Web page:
SOFT BLINK OF AMBER LIGHT
Robert Simpson, cond; Houston Chamber Choir;
Lisa Nickl (fl); Eric Chi (cl); Scott Simpson (marimba); Joseph Li (pn)
MSR CLASSICS 1499 (56:13)
D. A. WHITE The Blue Estuaries
HAGEN soft blink of amber light1
THEOFANIDIS Messages to Myself
OQUIN O Magnum Mysterium
DIORIO A Dome of Many-Coloured Glass
Fans of recent American choral music will find much to enjoy here. A number of pieces by David Ashley White have been reviewed previously in the pages of Fanfare. Taking poems by Louise Bogan, his 1998 piece The Blue Estuaries is impeccably approachable: the first “Evening Star sounds a little like a Christmas carol, but one exquisitely conceived and executed. The thicker scoring of the more dissonant second, “I saw eternity”, points out the excellence of the choir for lines are never obscured. White takes five poems and sets them in tender fashion, none more so than the final “Night”, where the superb sopranos of the Houston Chamber Choir sustain the line impeccably. The end is truly lovely.
The piece by Jocelyn Hagen is accompanied by an ensemble of flute, clarinet, piano and marimba to create her shimmering opening for soft blink of amber light (2014, text Julia Klatt Singer). This is a simply magical setting; performance and recording are superb. Hagen’s ear is clearly expert and she conjures up by what appears to be minimal means a hazy, mysterious atmosphere (although it is a lighter shade of mystery, perhaps, than the Oquin discussed below). Of all the pieces on this disc, it is perhaps this that rewards repeated listening most. Each rehearing has brought to light new subtleties, now tinges of expression.
Christopher Theofanidis’ Messages to Myself (2007) sets poems by four poets, each of which becomes the title of the relevant movement: Whitman, Rūmī, Kirsten and Yeats. Each one, also, is considered by the composer to be a “mantra” in his own life. There is a flow to the Rūmī that is magnetic, in the sense it draws the listener inexorably in. The harmonies used by Theofanidis are magical, particularly so in the third, “Kirsten” (referring to Amy Beth Kirsten, born 1972). Again, there is nothing massively dissonant here, but there is an expert hand at work. Theofanidis displays exemplary attention to the text; the crepuscular beauty of “Yeats” is particularly marked.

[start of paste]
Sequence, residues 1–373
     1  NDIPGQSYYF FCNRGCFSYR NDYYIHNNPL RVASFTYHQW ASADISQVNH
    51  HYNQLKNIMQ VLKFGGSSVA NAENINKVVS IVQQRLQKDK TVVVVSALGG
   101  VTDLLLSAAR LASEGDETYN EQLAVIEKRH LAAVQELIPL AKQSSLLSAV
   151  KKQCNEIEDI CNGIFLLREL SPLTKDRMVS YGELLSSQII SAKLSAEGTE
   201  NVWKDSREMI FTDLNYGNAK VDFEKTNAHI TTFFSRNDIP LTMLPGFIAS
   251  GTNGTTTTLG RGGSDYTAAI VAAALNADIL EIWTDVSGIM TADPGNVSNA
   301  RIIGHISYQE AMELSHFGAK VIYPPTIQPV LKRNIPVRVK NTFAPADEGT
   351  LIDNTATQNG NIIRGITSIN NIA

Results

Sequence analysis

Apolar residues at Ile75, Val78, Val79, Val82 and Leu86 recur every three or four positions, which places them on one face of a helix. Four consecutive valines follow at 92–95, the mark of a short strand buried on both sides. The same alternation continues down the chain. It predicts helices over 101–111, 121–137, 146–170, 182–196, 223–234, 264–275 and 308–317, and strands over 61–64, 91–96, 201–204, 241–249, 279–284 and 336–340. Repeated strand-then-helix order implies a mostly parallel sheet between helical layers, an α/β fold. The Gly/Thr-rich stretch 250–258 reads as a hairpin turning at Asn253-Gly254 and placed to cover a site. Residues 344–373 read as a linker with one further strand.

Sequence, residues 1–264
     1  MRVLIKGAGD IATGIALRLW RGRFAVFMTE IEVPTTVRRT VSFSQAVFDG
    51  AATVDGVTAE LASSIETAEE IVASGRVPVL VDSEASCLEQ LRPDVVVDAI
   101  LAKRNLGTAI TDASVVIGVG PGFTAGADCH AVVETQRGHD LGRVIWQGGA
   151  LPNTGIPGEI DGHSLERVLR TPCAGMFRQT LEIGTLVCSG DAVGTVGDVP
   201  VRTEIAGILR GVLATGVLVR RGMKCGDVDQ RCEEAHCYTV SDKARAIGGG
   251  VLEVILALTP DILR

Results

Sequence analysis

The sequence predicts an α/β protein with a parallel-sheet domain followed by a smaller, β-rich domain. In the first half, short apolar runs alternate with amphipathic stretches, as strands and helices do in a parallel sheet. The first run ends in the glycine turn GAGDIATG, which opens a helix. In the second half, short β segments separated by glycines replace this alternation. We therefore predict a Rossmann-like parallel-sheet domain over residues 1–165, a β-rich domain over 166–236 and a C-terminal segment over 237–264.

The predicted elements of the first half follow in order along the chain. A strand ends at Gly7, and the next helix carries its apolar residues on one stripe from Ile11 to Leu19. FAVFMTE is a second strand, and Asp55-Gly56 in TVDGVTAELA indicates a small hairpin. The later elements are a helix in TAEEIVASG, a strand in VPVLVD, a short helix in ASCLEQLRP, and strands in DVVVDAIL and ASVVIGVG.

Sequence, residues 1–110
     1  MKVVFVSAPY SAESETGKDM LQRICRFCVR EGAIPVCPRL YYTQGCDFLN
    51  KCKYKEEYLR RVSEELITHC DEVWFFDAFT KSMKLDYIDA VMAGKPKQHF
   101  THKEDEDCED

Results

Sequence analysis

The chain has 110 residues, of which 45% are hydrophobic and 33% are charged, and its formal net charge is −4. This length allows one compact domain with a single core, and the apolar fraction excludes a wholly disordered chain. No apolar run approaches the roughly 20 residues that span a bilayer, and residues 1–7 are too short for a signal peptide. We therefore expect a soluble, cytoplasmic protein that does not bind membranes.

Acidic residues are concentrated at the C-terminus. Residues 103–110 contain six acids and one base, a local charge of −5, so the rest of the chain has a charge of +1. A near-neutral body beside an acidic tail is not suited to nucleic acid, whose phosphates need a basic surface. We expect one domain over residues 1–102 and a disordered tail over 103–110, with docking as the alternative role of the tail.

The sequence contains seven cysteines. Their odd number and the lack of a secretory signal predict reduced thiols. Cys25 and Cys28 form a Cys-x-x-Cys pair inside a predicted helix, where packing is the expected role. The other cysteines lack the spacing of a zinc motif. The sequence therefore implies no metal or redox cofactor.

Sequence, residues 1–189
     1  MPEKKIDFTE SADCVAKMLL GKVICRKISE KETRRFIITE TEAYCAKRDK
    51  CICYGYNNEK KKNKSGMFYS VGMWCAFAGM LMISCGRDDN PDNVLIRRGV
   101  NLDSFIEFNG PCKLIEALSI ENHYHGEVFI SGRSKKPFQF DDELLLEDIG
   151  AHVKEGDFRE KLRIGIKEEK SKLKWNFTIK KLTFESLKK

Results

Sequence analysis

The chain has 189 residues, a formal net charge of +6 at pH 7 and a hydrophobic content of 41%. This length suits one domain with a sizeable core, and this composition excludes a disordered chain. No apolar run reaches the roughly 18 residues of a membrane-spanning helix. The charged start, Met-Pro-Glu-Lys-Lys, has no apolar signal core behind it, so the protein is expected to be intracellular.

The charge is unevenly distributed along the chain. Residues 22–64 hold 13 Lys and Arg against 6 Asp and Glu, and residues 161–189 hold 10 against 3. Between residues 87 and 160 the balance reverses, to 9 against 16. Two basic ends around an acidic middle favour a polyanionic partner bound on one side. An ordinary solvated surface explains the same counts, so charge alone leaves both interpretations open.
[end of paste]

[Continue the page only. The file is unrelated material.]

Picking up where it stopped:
Not much by Wayne Oquin on the Fanfare Archive (a mere handful of pieces). In the booklet, Oquin describes the humbling nature of the text O Magnum Mysterium, and how he approached it: “I want the listener to have the feeling of being on a journey; being held in the moment, allowing little sense of what lies ahead or where the piece may lead until the final chord”. Oquin’s recent (2013) setting has the timeless nature of the choral music of Victoria (not a comparison I would make lightly, incidentally). A carefully considered mass of choral sound shifts kaleidoscopically around until, as promised, it finds rest in a place where a low bass foundation seems once more to refer to Victoria.
Finally, Dominick DiOrio’s A Dome of Many-Coloured Glass (2012), which sets a text by Amy Lowell. Described as a “cantata-concerto”, the piece is scored for choir and marimba, whose gorgeous sound adds a sense of magic to the setting. Written with the Houston Chamber Choir in mind, the four-movement A Dome of Many-Coloured Glass is wonderfully evocative. The first movement, “Listening”, culminates in ecstatic cries at the line “So is this One music with a thousand cadences”. A soprano from the choir, Stacey Weber, features in “At Night”, negotiating the tricky, disjunct line with apparent ease; the choir’s entrance acts as a counter-balancing balm. The rather more advanced writing of “Hora Stellatrix”, with its references to “starfire”, seems to touch the transcendental and it is here that the performance seems to approach the power of a live performance (the disc was actually recorded in The Church of St John the Divine, Houston, Texas over a period of four days in June 2014). The final movement, “A Winter Ride” again touches on ecstasy in a gloriously vigorous performance.
All pieces appear herein their World Premiere recordings. Strongly recommended. Colin Clarke